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Failure to Launch

Inside the Bush administration's dream of resurrecting the nuclear weapons complex—and the old-school Republican congressman who stood in its way

"Technically you can't go deep enough to contain the blast," says Bruce Tarter, the former head of the Livermore lab and a member of the National Academy of Sciences panel. "It was not even close under any circumstance one can imagine. It didn't have technical or military credibility."

Such scientific concerns reinforced Hobson's skepticism of the new bombs. "The physics of it didn't work and they sent the wrong signal to the world," he says. "It gave people a lot of reasons to build their own weapons."

He also found it puzzling that while civilian Pentagon officials were clamoring for the new weapon, their uniformed colleagues seemed uninterested in it. Hobson visited the headquarters of the U.S. Strategic Command in Omaha, the nuclear-war nerve center, to see what its staff would say about the concept. "They never mentioned it, like it just didn't matter," he recalls. In October 2004, he convinced his subcommittee to kill funding for the bunker buster. The message to the White House, he thought, was clear.

A few weeks later, one of the subcommittee's senior staffers, Scott Burnison, stumbled upon a routine work authorization from the Sandia weapons lab showing that researchers there were spending thousands of dollars building a concrete wall for a crash test of the rnep's hardened shell. Hobson was furious. He called Energy secretary Samuel Bodman and demanded that the test be stopped.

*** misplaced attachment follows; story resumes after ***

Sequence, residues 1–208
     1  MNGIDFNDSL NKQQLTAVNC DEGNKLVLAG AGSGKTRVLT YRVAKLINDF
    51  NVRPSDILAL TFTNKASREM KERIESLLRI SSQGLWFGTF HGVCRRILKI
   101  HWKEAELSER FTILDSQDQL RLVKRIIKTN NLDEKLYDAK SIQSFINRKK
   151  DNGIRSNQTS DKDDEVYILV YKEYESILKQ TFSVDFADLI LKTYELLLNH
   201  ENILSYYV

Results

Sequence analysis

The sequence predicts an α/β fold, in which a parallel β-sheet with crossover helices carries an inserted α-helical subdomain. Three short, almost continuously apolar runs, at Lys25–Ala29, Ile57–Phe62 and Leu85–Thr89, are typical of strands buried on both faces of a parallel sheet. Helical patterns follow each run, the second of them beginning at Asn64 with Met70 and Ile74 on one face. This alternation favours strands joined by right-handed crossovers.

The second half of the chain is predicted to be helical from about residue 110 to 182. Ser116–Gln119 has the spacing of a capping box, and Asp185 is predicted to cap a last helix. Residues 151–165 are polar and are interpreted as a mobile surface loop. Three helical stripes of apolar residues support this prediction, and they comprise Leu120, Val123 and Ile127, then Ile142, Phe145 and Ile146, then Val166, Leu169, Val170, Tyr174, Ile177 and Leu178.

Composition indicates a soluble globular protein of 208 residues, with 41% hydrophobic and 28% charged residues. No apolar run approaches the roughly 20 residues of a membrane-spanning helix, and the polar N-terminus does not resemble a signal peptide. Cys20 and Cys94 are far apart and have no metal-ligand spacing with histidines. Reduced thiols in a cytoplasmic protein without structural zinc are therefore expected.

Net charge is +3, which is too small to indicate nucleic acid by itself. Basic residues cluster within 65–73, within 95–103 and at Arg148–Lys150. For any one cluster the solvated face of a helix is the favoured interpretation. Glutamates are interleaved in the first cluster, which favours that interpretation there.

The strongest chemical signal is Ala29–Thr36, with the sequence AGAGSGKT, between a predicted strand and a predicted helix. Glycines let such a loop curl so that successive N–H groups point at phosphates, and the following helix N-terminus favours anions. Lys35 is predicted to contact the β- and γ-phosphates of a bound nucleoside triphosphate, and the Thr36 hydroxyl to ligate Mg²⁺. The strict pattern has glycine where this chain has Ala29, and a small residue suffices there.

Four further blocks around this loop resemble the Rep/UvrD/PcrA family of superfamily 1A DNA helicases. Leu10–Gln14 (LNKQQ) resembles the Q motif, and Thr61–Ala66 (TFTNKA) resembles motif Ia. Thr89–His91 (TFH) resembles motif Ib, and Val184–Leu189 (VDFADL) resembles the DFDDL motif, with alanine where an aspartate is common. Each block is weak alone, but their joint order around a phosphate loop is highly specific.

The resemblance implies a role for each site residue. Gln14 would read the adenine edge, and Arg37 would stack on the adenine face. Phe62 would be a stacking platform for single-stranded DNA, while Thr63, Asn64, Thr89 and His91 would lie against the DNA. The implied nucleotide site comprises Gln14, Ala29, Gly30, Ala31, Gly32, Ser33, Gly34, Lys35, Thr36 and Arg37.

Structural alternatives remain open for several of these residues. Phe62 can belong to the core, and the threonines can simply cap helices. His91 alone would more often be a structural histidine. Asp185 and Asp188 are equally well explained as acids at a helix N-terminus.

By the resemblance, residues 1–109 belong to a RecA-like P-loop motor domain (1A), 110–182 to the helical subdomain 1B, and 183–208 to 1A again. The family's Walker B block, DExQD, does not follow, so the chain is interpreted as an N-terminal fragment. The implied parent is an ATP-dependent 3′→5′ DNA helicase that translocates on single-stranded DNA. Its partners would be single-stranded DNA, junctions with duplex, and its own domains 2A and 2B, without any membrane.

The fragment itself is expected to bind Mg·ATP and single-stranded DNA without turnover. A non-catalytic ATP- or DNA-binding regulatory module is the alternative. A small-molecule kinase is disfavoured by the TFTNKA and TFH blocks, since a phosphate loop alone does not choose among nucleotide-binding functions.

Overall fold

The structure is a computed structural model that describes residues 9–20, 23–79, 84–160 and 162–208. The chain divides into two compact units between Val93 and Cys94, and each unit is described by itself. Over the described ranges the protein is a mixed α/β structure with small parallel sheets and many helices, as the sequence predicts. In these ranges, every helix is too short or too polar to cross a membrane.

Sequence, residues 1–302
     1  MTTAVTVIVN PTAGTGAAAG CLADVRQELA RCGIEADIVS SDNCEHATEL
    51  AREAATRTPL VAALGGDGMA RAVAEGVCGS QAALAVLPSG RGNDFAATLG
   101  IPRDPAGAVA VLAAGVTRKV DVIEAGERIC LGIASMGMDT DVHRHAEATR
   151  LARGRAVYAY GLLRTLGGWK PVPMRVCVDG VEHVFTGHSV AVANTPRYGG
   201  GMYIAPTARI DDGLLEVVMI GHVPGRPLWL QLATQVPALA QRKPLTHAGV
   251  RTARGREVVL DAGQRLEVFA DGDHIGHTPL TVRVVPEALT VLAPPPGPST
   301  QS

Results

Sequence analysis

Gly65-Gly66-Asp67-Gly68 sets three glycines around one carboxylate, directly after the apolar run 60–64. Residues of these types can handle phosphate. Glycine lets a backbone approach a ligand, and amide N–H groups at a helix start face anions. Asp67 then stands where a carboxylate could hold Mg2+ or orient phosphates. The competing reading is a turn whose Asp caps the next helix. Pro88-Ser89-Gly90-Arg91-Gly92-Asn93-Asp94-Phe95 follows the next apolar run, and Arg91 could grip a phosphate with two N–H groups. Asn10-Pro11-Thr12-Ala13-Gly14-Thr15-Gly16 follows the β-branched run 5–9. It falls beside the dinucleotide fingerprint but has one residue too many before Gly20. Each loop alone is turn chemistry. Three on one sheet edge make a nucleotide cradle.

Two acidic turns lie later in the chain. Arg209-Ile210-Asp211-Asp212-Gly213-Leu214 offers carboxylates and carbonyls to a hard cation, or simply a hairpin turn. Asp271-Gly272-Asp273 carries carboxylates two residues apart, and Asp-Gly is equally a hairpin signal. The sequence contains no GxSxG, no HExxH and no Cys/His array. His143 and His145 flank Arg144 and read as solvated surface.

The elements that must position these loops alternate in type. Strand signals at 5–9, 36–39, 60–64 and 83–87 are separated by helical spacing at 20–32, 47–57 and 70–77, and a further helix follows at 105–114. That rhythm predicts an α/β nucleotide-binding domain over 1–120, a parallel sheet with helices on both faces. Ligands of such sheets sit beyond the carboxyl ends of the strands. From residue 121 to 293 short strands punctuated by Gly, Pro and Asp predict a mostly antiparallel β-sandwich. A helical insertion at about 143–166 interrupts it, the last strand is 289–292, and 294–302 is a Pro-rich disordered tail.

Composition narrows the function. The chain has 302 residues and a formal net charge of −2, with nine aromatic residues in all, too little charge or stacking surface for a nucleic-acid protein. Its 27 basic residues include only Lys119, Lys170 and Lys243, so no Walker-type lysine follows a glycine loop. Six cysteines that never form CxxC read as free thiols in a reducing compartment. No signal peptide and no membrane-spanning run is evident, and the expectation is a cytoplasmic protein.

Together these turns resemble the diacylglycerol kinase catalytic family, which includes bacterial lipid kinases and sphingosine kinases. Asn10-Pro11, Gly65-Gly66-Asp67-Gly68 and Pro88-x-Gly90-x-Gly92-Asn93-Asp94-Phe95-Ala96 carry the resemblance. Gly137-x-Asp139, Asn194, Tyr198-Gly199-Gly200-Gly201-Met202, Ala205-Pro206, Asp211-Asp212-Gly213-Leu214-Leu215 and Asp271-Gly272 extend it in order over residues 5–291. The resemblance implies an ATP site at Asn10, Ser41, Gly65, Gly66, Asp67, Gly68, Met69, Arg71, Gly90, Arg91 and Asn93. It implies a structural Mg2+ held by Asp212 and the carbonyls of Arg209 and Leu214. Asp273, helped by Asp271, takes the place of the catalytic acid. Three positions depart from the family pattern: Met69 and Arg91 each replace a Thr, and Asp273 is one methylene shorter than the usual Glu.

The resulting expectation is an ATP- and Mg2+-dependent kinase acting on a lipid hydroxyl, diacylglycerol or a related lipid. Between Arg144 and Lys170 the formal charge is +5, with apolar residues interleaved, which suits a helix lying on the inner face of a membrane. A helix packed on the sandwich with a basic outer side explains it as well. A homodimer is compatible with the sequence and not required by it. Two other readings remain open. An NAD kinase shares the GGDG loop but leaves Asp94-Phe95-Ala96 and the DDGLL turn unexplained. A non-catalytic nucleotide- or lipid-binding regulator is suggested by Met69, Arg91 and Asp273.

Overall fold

"They tried to go around me," he says, still visibly angry about it. "They lost their credibility." Brooks confirms the episode, but says the administration saw the test as harmless background research: "It never occurred to us that this would be an issue." Hobson, he insists, "overreacted."

By now, news of Hobson's failure to rubber-stamp the administration's agenda was getting attention at the top. Defense secretary Donald Rumsfeld summoned Hobson to see him, alone; the congressman politely replied that he would only come with key aides.

On March 15, 2005, Hobson and two subcommittee staffers sat down for a breakfast meeting at the Pentagon. Waiting for them were Rumsfeld and Bodman, as well as General Joseph Cartwright, the head of the Strategic Command, and a phalanx of senior defense officials. Rumsfeld, according to several of those who attended, was calm but insistent: The Pentagon needed the bunker buster, and it was going to get it—one way or another.

Recalls Hobson, in an account confirmed by others, "I said to him, 'Look, you're not going to be able to do this, and if you want to take this to a vote and embarrass the president of the United States, fine. I'll beat you. Because one thing I do know how to do is count votes.' Rumsfeld said, 'Bah, you might win this year but you won't win next year.' And I said, 'We'll see.'"